By the GCI Digital Team
Freezing temperatures and blowing snow, treacherous driving and transit delays, cancelled classes and closed businesses. Welcome to winter in Canada!
When bad weather strikes, Canadians crave information that will help them get through the day. “How warmly will I have to dress?” “What roads should I avoid on my way to work?” etc. While the local weatherman was once the primary source for this info, many Canadians are increasingly turning off the TV and turning to social media for weather-related news.
So how are savvy Canadians using social networks like Twitter when the big storm hits and how can brands capitalize on the conversation and help consumers in the process?
Information and Reassurance
Lousy weather is a time of uncertainty, particularly when it comes to the little stuff.
Things that people take for granted when the weather is nice, like clear, accident-free roads or whether or not their child’s school bus is running, can become liabilities when a snowstorm rolls into town.
Social media can help folks mitigate that uncertainty and find answers much quicker than with traditional news sources. It’s now common practice for institutions like school boards and power companies to use their social channels to keep parents and customers up to date and in the loop with regard to school closures and electrical outages. Why wait to hear about Billy’s snow day from the radio when the Toronto District School Board can let you know directly?
Similarly, businesses both large and small often use their official Twitter and Facebook pages to advise customers about closures, service interruptions or storm-related sales. When you’re buried in several feet of snow, that flash sale on snow shovels that the local hardware store advertised on Twitter might be a godsend.
But here’s where the power of social media really shines: When institutions or businesses aren’t able to provide updates through their social channels, the “citizen journalism” of individual users comes into play. A person taking to Twitter at the right time can actually do a lot of good during inclement weather. For example, someone tweeting from the scene of a weather-related vehicle collision with the appropriate hashtags (eg. #401 or #DVP) might prevent other Twitter users from deciding to take the Don Valley Parkway that morning and thus improve congestion or even prevent further accidents. Knowing which hashtags are relevant to you during a snowstorm is key.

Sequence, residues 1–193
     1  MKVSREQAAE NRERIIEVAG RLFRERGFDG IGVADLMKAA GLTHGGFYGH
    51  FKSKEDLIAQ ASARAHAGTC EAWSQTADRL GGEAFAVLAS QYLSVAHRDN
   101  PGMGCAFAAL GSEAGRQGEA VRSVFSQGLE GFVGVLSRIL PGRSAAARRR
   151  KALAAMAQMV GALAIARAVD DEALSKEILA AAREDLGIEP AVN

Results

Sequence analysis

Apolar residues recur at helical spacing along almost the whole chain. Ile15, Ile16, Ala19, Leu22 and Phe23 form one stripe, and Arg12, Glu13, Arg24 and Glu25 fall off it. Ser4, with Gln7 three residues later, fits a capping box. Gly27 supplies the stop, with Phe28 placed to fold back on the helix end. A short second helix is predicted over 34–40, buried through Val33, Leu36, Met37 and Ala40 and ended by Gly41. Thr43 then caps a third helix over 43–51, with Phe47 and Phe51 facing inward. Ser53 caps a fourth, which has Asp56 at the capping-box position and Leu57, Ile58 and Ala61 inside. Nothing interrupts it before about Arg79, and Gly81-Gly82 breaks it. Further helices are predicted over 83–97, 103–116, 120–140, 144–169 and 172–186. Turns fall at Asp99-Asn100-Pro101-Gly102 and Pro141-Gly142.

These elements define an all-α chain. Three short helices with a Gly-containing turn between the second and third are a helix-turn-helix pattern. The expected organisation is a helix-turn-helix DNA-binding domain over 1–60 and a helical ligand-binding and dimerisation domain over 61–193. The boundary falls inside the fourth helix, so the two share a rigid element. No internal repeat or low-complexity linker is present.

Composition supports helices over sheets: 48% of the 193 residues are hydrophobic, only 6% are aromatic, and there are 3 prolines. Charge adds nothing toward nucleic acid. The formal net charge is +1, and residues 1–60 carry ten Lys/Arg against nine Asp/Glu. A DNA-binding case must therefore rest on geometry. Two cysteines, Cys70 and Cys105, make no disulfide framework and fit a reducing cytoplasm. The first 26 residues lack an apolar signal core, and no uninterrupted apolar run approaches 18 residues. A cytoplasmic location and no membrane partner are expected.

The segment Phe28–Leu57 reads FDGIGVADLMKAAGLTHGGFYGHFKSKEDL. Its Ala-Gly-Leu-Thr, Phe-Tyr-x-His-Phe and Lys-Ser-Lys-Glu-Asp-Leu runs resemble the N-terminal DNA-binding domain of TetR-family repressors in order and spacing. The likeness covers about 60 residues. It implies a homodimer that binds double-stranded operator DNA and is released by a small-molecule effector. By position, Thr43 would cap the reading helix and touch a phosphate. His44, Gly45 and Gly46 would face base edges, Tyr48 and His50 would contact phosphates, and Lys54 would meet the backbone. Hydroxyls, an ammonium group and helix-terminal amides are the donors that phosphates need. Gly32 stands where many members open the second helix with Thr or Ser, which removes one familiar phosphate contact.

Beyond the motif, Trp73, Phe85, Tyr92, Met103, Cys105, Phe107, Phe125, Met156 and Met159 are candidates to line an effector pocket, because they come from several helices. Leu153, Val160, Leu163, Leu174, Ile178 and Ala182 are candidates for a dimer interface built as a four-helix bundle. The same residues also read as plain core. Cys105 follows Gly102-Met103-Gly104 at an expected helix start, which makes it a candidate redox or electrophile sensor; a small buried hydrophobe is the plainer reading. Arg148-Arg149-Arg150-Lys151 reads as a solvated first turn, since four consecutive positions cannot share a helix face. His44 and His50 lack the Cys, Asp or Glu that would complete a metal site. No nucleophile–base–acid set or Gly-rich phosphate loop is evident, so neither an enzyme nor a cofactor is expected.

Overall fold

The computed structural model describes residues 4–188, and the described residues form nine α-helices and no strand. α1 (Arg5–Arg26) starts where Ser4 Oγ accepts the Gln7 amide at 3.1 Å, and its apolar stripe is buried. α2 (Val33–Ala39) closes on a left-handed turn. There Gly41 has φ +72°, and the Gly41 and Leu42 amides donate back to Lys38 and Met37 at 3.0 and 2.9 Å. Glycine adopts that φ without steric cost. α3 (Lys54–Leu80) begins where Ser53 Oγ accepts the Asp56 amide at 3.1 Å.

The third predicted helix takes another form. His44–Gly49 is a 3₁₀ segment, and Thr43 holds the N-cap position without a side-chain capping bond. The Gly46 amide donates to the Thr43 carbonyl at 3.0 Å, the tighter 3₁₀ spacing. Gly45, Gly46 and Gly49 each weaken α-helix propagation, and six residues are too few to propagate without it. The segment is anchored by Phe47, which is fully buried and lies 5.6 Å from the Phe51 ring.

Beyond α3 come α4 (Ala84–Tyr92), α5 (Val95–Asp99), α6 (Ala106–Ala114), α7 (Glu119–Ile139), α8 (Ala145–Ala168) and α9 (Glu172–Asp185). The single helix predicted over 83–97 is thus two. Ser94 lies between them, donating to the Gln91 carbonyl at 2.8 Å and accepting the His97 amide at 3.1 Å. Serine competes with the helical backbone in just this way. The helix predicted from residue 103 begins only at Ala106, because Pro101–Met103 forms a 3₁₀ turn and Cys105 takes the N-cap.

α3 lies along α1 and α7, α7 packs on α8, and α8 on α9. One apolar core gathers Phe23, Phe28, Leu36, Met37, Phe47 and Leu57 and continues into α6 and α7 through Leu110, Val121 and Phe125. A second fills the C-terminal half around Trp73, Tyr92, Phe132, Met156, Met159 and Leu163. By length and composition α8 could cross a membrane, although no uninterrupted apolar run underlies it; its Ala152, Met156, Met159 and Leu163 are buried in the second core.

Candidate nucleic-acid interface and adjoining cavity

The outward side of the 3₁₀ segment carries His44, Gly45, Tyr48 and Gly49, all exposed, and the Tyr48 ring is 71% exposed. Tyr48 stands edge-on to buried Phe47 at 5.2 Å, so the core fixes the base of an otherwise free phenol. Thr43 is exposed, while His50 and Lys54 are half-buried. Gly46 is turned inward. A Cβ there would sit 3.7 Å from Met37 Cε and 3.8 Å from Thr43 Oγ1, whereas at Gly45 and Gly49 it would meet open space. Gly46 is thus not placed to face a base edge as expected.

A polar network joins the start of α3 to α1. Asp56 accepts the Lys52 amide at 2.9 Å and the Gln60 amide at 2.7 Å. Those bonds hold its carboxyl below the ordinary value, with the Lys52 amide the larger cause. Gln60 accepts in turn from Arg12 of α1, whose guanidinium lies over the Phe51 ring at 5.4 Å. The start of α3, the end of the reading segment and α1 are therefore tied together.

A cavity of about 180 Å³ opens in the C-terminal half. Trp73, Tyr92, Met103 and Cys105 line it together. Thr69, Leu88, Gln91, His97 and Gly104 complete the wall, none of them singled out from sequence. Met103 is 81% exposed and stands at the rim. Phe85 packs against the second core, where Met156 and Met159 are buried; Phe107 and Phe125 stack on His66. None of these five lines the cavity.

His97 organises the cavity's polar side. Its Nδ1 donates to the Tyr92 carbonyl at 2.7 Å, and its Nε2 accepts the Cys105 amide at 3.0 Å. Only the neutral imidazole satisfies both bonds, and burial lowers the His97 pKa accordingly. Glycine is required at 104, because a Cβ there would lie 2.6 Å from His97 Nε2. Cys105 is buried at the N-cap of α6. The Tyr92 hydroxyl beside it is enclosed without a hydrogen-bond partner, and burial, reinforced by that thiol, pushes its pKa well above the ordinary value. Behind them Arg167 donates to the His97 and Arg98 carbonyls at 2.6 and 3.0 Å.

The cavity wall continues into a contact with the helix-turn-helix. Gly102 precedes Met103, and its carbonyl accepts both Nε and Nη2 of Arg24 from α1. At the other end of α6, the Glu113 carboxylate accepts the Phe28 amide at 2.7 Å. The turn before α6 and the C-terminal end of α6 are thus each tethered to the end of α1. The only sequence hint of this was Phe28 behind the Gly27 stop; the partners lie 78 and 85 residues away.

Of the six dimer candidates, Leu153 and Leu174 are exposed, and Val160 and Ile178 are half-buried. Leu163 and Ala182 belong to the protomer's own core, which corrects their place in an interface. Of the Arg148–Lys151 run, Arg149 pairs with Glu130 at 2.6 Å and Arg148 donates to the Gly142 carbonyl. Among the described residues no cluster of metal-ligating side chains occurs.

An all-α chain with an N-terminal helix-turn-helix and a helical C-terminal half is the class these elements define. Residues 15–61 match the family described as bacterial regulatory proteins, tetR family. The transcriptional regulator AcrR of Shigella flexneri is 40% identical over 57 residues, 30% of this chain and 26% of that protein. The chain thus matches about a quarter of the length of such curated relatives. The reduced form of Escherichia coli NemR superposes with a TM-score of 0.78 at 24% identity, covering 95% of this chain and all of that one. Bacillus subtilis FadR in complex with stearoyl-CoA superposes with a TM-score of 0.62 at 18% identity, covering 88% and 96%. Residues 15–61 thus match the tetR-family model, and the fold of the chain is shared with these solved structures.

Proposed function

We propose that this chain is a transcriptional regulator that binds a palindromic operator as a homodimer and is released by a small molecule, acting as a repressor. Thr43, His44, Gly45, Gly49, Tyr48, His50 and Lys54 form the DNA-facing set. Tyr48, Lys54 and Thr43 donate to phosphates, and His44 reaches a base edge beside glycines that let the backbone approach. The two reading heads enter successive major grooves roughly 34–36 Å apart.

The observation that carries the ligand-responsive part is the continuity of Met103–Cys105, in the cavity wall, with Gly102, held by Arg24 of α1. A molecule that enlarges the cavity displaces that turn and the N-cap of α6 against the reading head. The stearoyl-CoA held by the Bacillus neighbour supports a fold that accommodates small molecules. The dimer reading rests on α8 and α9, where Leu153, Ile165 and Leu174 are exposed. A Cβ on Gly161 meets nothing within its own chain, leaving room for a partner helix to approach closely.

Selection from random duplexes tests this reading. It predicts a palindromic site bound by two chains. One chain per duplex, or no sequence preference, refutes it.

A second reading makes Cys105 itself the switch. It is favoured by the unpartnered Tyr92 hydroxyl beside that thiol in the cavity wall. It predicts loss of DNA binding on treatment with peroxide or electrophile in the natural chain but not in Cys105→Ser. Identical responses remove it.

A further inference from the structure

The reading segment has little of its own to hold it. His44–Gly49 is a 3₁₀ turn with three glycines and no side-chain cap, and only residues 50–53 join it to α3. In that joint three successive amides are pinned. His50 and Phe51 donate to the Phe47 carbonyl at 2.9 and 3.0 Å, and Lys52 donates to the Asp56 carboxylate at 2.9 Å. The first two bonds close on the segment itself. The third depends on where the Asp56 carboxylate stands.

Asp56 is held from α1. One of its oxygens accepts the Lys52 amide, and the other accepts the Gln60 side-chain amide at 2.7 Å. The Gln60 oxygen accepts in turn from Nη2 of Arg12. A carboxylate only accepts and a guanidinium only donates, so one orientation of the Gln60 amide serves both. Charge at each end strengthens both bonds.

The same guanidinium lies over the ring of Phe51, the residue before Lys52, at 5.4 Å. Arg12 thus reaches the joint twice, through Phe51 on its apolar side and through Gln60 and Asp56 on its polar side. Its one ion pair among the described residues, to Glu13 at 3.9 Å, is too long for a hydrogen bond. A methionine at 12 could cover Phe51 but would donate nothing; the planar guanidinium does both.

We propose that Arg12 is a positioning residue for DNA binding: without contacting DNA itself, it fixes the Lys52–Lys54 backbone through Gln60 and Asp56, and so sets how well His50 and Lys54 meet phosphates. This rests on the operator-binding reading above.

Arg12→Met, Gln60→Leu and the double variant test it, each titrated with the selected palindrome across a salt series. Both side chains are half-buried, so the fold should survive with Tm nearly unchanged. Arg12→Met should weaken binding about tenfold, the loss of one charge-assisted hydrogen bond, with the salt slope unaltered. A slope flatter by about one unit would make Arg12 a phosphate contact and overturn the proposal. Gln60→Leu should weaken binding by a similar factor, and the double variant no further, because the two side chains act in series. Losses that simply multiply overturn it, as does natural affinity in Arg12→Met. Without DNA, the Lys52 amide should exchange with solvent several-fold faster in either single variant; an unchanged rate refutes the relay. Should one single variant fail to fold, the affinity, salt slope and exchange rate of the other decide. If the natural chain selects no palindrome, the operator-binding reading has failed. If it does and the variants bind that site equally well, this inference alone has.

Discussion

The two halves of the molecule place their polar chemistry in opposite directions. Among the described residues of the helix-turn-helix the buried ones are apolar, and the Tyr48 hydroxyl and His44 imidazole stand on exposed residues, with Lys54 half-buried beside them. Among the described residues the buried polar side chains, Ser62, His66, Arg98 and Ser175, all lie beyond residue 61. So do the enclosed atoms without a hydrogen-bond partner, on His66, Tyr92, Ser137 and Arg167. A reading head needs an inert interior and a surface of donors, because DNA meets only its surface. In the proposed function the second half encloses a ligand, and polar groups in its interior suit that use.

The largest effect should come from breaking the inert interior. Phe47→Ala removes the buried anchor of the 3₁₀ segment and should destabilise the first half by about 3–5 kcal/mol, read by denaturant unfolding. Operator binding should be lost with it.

Another example of this sort of crowd sourced help could be seen during New York City’s recent snowstorm, colloquially known by hashtags like #snowpocalypse, #Snowmageddon2015, and #blizzardof2015. Live tweets about lineups and food shortages at grocery stores, like the one seen below, may have many given people second thoughts about braving the cold and likely lessened the severity of said shortages.
So what can brands do during the big storm?
Brands need to understand that no matter what product or service they offer in a given area, most, if not all, of their customers are going to be affected by the bad weather in some way.
While it’s inadvisable for a consumer brand to turn its social channels into feeds for weather-related info sharing, a helpful share or retweet about a closed road or downed power line that might affect the brand’s market and customers can’t hurt.
Ideally, the best thing a brand or company can do during a bad winter storm is tap into the shared experience of the blizzard in a way that’s relevant to said brand, fun and shareable, and doesn’t make the consumer’s day any worse than it already is.
Here are a few fantastic examples tied to the New York snowstorm:
(Disclosure: BC Hydro and Guinness are GCI clients)